Author Topic: History of dovetails  (Read 17707 times)

msiemsen

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History of dovetails
« on: October 25, 2009, 09:38:04 PM »
On a different thread Fran asked" When did cabinet makers stop using nails and glue for drawer construction and start dovetailing? I have heard a lot of conflicting information on this."
Fran
I replied, "dovetails have been in use for over 4000 years, I saw someone nail a drawer together yesterday."
Mike
Fran followed up with, "So, Mike, when did dovetails become the standard for drawer and carcasse construction in America. In my ignorance I have been assuming that dovetailing came on the scene sometime during the early 19th century and wasn't really common until the latter half of the century. While I am a fairly serious student of period furniture, I openly admit that my eyes rather glaze over when discussions of these particulars manifest themselves."
Fran
I thought this would be better as a separate thread so I moved it here.
Mike
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msiemsen

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Re: History of dovetails
« Reply #1 on: October 25, 2009, 09:56:22 PM »

"So, Mike, when did dovetails become the standard for drawer and carcasse construction in America. In my ignorance I have been assuming that dovetailing came on the scene sometime during the early 19th century and wasn't really common until the latter half of the century. While I am a fairly serious student of period furniture, I openly admit that my eyes rather glaze over when discussions of these particulars manifest themselves."

Fran,
I am sure you meant 18th century in the above quote.
Is the question then, When did cabinet makers in North American colonies stop using nails and glue for drawer construction and start dovetailing? I have heard a lot of conflicting information on this....
This could be an interesting discussion, I know that details like drawer construction can make or break a reproductions authenticity. Who knows of the oldest North American dovetails? Did the use of dovetails start in a particular region and spread, or come from Europe all at once? Were dovetails always here and people just didn't take the time to make them? Pictures would be great!
Mike
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frangallo

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Re: History of dovetails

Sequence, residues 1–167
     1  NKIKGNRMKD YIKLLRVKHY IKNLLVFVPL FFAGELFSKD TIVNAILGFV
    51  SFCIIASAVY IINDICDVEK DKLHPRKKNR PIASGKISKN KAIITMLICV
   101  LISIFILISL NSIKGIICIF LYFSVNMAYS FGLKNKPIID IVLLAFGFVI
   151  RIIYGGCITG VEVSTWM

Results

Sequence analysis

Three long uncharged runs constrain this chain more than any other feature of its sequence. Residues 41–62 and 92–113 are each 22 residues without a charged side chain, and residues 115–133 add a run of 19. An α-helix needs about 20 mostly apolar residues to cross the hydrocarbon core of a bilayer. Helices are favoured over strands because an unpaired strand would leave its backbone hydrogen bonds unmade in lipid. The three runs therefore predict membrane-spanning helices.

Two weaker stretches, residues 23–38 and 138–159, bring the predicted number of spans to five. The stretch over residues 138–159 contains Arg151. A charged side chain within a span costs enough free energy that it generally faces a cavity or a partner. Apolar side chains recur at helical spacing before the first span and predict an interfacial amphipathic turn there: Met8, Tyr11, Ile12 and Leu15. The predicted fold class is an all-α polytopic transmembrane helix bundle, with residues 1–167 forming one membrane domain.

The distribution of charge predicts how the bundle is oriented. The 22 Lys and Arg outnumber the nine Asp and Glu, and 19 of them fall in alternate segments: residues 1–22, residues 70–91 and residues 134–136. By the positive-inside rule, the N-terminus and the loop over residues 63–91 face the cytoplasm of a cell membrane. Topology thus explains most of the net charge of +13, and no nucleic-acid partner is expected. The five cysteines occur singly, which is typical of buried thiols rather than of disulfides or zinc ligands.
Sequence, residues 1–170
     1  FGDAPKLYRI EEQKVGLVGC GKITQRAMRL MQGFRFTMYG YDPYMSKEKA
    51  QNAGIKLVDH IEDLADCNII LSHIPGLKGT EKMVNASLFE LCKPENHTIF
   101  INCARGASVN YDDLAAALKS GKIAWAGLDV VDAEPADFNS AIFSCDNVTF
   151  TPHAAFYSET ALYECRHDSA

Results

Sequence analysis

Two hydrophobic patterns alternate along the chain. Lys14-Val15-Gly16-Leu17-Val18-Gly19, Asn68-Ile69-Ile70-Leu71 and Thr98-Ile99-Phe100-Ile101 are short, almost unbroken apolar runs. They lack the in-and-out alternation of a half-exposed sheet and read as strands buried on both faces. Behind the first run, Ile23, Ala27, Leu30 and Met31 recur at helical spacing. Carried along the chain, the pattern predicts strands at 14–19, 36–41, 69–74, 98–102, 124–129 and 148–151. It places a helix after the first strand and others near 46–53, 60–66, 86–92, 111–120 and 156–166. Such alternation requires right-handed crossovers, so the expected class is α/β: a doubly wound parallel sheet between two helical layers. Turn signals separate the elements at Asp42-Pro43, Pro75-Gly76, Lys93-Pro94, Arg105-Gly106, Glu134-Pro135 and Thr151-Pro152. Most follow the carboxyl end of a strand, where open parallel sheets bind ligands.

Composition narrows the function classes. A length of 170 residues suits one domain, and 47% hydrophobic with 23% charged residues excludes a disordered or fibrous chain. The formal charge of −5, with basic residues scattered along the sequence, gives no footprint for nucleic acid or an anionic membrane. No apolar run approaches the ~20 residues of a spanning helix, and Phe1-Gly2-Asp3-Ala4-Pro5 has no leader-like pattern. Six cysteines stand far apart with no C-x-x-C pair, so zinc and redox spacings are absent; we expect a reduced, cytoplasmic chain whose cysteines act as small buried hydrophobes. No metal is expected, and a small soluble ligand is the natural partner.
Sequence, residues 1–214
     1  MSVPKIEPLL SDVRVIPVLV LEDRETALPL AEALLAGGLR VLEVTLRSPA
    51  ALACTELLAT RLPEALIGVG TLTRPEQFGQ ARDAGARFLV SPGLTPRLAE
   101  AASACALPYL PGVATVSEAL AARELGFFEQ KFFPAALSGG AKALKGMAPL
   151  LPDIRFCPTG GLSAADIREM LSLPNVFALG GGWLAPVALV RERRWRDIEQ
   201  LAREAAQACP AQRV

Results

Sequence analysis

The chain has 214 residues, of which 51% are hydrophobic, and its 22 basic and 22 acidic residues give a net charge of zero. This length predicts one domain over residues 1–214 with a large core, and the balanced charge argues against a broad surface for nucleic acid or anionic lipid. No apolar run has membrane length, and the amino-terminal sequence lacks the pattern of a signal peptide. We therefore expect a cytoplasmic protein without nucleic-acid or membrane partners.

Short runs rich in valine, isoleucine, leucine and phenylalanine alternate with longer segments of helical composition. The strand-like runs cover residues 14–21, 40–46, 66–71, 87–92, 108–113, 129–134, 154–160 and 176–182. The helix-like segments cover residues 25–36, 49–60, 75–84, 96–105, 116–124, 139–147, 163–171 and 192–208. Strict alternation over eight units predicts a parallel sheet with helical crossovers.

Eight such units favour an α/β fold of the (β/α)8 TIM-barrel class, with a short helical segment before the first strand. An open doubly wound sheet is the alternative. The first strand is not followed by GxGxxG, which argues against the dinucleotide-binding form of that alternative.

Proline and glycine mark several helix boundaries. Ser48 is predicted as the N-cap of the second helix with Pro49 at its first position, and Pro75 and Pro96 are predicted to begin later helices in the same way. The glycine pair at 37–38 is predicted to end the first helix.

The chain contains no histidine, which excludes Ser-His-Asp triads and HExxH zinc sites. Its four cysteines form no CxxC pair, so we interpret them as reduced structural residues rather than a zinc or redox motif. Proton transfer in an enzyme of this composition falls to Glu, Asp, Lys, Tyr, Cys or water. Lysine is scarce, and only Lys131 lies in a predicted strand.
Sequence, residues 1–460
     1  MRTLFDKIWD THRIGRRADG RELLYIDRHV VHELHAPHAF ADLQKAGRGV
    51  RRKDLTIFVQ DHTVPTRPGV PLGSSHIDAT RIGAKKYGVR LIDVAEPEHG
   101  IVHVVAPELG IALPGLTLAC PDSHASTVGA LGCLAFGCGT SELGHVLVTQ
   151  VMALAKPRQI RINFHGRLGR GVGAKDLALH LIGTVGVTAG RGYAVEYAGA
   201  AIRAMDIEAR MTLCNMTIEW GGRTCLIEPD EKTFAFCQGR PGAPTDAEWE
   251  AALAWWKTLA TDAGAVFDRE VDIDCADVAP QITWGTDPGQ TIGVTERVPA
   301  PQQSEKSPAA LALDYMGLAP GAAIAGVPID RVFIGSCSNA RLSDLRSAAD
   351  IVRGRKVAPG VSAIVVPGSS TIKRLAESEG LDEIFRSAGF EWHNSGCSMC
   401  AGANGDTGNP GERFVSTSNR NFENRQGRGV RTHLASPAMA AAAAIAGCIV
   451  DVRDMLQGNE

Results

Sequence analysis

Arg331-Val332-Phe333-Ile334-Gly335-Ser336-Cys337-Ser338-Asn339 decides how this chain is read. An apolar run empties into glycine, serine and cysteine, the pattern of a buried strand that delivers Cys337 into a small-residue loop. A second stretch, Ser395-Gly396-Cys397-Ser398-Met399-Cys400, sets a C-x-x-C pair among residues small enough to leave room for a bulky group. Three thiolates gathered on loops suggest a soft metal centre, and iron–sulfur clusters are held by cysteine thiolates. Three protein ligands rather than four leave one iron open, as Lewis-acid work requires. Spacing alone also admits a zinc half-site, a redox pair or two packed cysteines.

« Reply #2 on: October 25, 2009, 10:46:39 PM »
I will look back at my notes on this subject, but my recollection is that after the collapse of the American furniture industry during the revolutionary war, the reconstruction brought in a few of the new methods of cabinet making that had been taking hold prior to this error. In other words, while construction of cabinets was fairly simple during the early to mid 1700's, there seemed to be a shift in these methods due to the influence of European developments. I have a strong recollection that during the period from the mid 1790's thru the early 1800's American cabinet makers began using many of the new methods of cabinet construction introduced from Europe. While the dovetail is in no way a purely modern concept, the general application of this form of construction seems to have a distinct place in the history of furniture making in the Colonies.
Fran
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frangallo

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Re: History of dovetails
« Reply #3 on: October 25, 2009, 10:51:25 PM »
A link to the history:http://www.norsewoodsmith.com/content/early-dovetails
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msiemsen

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Re: History of dovetails
« Reply #4 on: October 26, 2009, 12:30:01 AM »
Fran,
I was flipping through Nutting's, Furniture of the Pilgrim Century. He shows two drawers one nailed and the other dovetailed (plate 675 and 676). He states on page 25 that the earliest dovetailing of drawers is at the end of the 17th century. With your knowledge of Newport furniture you must be aware that the Nicholas Brown secretary was made in 1740, well before the revolution, and has more than a few dovetails in it. I thought furniture tastes changed in America after the revolution because we wanted to make a break from English styles, hence the "Federal Style" rather than Sheraton or Hepplewhite.
 I would think dovetails were already becoming prevalent in the late William and Mary period (late 17th early 18th century) and pretty much in common use during the Queen Ann period (early 18th century) Chippendale's famous directory came out in 1762 and influenced the High style furniture that we refer to as Chippendale, where it would have been difficult to find a piece of furniture without a dovetail in it.
Mike
« Last Edit: October 26, 2009, 12:33:46 AM by msiemsen »
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albreed

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Re: History of dovetails
« Reply #5 on: October 26, 2009, 05:10:35 AM »
Mike- A few corrections- Chippendale's Director, about 1758; Nicholas Brown Sec., around 1770.

In Colonial furniture there are dovetails in the 1680's and maybe even earlier. I've copied or restored a fair number of these chests from the period. Often draws are dovetailed at the front and nailed at the back, and the tail, note the singular, will have a big nail holding it to the draw front. Otherwise they're rabbeted and nailed all around. At this period the dovetail made its appearance in draws mostly, as you'll be hard pressed to find boxes dovetailed together in the 17th century, at least, none come to mind. "Bible " boxes, for example, will be rabbeted and nailed together, which lends the surfaces to the carving that was used at the time on the outsides. Cases such as six and four legged dressing tables were dovetailed together in the William and Mary period, and this is where you really start seeing dovetails on a regular basis. Regional differences determined how long this method was used, for example, the Newport guys dovetailed their mid to late 18th century dressing tables together just like it was done in 1720.
Both nailed and dovetailed construction continued side by side, the difference mainly being on the quality of the pieces and practicality. The writing surface of the Nicholas Brown sec. was nailed to the gallery base, for instance, because it was fast and didn't show.